gives the number of permutations of n objects that leave no object fixed.


  • Mathematical function, suitable for both symbolic and numerical manipulation.
  • For noninteger n, the numerical value of Subfactorial[n] is given by Gamma[n+1,-1]/E.
  • Subfactorial can be evaluated to arbitrary numerical precision.
  • A permutation in which no object appears in its natural place is called a derangement.
  • Subfactorial automatically threads over lists.
  • Subfactorial[0] gives 1.


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Basic Examples  (5)

Evaluate numerically:

Plot the sequence:

Plot over a subset of the complexes:

Series expansion at the origin:

Series expansion at Infinity:

Scope  (18)

Numerical Evaluation  (4)

Evaluate numerically:

Evaluate to high precision:

The precision of the output tracks the precision of the input:

Complex number input:

Evaluate efficiently at high precision:

Specific Values  (5)

Values of Subfactorial at fixed points:

Value at zero:

Evaluate symbolically:

Limiting values at infinity:

Find a value of for which the real part of Subfactorial[x] is equal to 5:

Visualization  (2)

Plot the absolute value of Subfactorial:

Plot the real part of Subfactorial[x+ y]:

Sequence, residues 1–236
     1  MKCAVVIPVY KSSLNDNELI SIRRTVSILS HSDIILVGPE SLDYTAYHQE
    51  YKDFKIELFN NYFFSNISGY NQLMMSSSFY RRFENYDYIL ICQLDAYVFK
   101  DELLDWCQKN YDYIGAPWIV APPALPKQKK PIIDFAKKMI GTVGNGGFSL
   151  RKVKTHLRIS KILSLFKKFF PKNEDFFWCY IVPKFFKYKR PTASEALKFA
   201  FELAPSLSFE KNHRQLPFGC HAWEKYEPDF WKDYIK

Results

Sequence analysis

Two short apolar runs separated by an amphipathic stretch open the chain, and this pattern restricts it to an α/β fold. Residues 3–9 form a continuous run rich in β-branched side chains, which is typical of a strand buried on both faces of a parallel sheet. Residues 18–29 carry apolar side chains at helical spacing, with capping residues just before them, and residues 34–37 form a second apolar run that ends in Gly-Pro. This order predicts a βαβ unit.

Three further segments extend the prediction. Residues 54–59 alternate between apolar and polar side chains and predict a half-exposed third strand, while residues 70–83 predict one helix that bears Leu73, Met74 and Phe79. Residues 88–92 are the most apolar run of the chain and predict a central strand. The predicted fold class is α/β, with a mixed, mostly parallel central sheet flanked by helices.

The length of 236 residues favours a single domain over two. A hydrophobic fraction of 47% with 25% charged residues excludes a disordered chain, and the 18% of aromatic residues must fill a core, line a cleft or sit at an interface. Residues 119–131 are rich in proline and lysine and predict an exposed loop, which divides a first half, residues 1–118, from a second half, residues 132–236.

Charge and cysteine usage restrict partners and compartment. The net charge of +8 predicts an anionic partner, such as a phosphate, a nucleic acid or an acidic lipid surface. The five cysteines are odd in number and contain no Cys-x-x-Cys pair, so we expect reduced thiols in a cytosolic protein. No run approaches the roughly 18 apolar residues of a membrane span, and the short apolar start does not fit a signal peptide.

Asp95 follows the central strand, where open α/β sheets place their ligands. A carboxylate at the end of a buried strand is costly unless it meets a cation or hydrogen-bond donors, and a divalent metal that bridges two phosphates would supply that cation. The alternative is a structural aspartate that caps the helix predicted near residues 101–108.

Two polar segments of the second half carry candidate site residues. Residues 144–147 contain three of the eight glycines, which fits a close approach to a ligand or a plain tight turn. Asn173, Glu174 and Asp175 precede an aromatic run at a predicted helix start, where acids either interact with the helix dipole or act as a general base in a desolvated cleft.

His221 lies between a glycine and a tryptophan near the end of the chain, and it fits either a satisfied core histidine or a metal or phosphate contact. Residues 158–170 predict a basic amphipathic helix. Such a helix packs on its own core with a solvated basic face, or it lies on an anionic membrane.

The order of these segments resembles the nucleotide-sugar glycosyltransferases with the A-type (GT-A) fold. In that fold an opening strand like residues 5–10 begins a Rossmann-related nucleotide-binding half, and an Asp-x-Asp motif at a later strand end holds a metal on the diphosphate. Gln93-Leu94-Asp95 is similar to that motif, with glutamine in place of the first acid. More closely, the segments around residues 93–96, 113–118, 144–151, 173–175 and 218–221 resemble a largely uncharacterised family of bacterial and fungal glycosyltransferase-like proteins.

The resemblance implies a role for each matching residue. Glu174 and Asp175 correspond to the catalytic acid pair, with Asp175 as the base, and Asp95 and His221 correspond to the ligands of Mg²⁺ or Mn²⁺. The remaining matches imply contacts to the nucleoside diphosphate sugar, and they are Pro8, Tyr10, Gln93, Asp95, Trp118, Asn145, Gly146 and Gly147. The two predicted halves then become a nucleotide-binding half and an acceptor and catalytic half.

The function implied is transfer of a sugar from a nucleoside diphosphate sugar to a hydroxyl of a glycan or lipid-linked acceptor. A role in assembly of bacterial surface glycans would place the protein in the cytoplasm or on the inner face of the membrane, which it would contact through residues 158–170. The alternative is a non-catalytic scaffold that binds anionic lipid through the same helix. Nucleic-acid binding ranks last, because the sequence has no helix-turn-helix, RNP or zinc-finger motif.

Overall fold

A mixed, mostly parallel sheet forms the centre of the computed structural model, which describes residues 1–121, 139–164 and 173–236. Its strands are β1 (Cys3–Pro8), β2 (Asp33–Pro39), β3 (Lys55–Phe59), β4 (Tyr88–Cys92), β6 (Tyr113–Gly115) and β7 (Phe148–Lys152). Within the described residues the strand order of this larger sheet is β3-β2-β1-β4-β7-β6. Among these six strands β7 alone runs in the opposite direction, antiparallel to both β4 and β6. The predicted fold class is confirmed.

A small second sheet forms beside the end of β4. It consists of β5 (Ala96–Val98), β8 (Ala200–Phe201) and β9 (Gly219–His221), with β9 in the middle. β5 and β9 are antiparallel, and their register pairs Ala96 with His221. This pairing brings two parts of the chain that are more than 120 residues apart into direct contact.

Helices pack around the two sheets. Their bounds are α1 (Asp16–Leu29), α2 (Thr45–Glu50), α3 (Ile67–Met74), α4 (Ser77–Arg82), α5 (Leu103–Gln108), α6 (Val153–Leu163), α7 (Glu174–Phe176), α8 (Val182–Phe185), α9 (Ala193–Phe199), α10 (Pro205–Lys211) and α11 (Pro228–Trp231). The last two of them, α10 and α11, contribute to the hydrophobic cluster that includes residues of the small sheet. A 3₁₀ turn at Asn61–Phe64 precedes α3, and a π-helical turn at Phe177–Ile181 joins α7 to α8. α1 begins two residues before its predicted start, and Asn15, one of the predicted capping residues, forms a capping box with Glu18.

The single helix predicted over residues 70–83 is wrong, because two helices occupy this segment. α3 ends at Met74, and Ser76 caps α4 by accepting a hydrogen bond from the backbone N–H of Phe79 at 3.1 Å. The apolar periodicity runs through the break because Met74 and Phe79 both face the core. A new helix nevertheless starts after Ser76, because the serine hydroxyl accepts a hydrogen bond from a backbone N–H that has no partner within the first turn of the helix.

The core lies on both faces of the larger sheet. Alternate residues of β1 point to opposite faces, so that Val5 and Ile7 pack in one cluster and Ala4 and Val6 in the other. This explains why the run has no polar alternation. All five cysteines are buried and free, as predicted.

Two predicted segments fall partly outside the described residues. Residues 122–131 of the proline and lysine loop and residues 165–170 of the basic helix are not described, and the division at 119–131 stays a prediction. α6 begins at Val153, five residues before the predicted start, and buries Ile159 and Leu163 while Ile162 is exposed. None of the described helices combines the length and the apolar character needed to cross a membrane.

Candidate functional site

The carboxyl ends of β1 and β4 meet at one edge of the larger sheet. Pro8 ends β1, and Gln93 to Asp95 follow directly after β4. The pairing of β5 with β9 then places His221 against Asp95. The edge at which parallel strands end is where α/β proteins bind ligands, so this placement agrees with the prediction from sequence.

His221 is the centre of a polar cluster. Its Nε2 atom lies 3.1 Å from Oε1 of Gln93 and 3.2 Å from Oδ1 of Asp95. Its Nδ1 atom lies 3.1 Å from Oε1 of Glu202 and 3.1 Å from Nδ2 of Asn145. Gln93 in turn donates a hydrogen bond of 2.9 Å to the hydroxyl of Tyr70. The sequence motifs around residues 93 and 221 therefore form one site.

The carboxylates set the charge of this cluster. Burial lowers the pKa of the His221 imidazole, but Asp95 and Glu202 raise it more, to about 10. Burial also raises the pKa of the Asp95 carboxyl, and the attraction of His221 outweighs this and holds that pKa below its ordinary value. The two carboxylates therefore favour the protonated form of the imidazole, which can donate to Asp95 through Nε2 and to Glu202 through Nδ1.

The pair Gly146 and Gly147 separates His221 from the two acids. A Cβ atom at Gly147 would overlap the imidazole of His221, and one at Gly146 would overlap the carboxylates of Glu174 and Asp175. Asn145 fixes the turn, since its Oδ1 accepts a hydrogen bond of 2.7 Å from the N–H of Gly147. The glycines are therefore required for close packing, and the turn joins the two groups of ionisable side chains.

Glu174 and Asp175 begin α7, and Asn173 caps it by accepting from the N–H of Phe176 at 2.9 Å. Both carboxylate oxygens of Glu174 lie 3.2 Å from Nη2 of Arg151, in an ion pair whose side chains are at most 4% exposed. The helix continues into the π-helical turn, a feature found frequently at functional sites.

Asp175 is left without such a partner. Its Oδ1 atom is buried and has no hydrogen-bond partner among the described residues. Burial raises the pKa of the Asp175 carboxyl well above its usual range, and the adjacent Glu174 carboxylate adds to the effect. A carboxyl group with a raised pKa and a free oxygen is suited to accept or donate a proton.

Plot the imaginary part of Subfactorial[x+ y]:

Function Properties  (2)

Real domain of Subfactorial:

Complex domain:

Subfactorial automatically threads over lists:

Differentiation  (2)

First derivative with respect to :

Higher derivatives with respect to :

Plot the higher derivatives with respect to :

Series Expansions  (3)

Find the Taylor expansion using Series:

Plots of the first three approximations around :

Find the series expansion at Infinity:

Taylor expansion at a generic point:

Applications  (1)

There are 9 derangements of a set of 4 objects:

Here are all permutations of the set {1,2,3,4}:

Delete all permutations where an object is fixed:

Check that there are only 9 derangements:

Properties & Relations  (5)

Subfactorial[n] is given by :

Recurrence relations satisfied by Subfactorial:

Subfactorial can be represented as a DifferenceRoot:

FindSequenceFunction can recognize the Subfactorial sequence:

The exponential generating function for Subfactorial:

Neat Examples  (1)

The only number equal to the sum of subfactorials of its digits:

Wolfram Research (2007), Subfactorial, Wolfram Language function,


Wolfram Research (2007), Subfactorial, Wolfram Language function,


@misc{reference.wolfram_2020_subfactorial, author="Wolfram Research", title="{Subfactorial}", year="2007", howpublished="\url{}", note=[Accessed: 10-April-2021 ]}


@online{reference.wolfram_2020_subfactorial, organization={Wolfram Research}, title={Subfactorial}, year={2007}, url={}, note=[Accessed: 10-April-2021 ]}


Wolfram Language. 2007. "Subfactorial." Wolfram Language & System Documentation Center. Wolfram Research.


Wolfram Language. (2007). Subfactorial. Wolfram Language & System Documentation Center. Retrieved from